The Homo Mediaticus and the Paralysis of Critical Thought

Massimo Ragnedda, The Homo Mediaticus and the Paralysis of Critical Thought, in

After the end of Nazism and fascism and with the fall of the Soviet block, our society has been partly founded on the myth of the freedom of the press and the freedom of thought. Fear of an Orwellian society causes us to reject and oppose any imposition that comes from high up. The human loves to feel free to think, to act with full autonomy, completely emancipated from external influences. Paradoxically, now, never has the homologation in behaviour and in the ideas of individuals been so apparent, manifesting in the ways in which we dress, eat, and in our desires and aspiration, but, above all, there is homologation in the way we think. The totalitarian regimes could not impose thoughts by force. In contrast, such regimes are sources of critical thought. In an obvious absence freedom of expression, the human reacts, almost instinctively, with cognitive force, developing “critical thought” to reject the “System”; in other words, facing a coercively created homologation, the human answers with nonconformist critical thought. Paradoxically, today, it seems that with the freedom to express one’s own opinions, the human does not develop critical thought. There exists an “abstract force” which imposes its own laws and advances its supremacy on politics: the market. This has happened primarily because of what the Frankfurt scholars call “the culture industry”; a critical analysis of the economic and cultural context in which we live shows the risks derived from a serialized production of cultural products and commercialisation of art. As Debord shows, the risk of a paralysis of critical thought comes from the “society of the spectacle.” This article is divided into three parts. The first part will examine the illusion of pluralism, where in spite of a plurality of media, the ideas diffused are similar; they are different only in appearance and not in reality.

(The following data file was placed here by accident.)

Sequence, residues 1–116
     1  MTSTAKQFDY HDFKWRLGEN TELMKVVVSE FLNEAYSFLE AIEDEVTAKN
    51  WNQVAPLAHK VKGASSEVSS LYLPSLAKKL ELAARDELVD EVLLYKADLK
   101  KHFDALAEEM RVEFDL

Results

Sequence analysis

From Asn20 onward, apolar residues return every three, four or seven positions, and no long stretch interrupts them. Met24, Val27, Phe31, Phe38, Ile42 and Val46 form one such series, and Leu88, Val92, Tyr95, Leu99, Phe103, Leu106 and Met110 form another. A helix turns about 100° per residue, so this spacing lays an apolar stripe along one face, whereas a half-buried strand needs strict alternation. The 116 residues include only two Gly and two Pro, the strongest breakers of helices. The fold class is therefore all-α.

Furthermore, this part will investigate which “eyeglasses” we use in understanding, deciphering, and elaborating the input that comes from the media system and the real world.3 Autonomy of thought is in trouble and the ability to think critically has atrophied as a result of the media system. As Postman outlines “when a population becomes distracted by trivia, when cultural life is redefined as a perpetual round of entertainment, when serious public conversation becomes a form of baby-talk, when, in short, a people become an audience and their public business a vaudeville act, then a nation finds itself at risk: culture-death is a clear possibility”4. Since the advent of television there has evolved a new subject: homo videns.5 This new subject is progressively losing its critical abilities. The second part of this article analyzes the role of the advertising world, which imposes the immediate attainment of happiness as a categorical imperative of our age. The mass media, part involuntarily and part intentionally, has become an agent reinforcing the status quo, creating 

privileges and advantages for the power elite. The last paragraph of the article will try to show the irrationality of our system, using the Adorno and Horkheimer analysis which states that, at the apex of its development, the rationalism of Enlightenment is inverted and becomes irrationality. See more here


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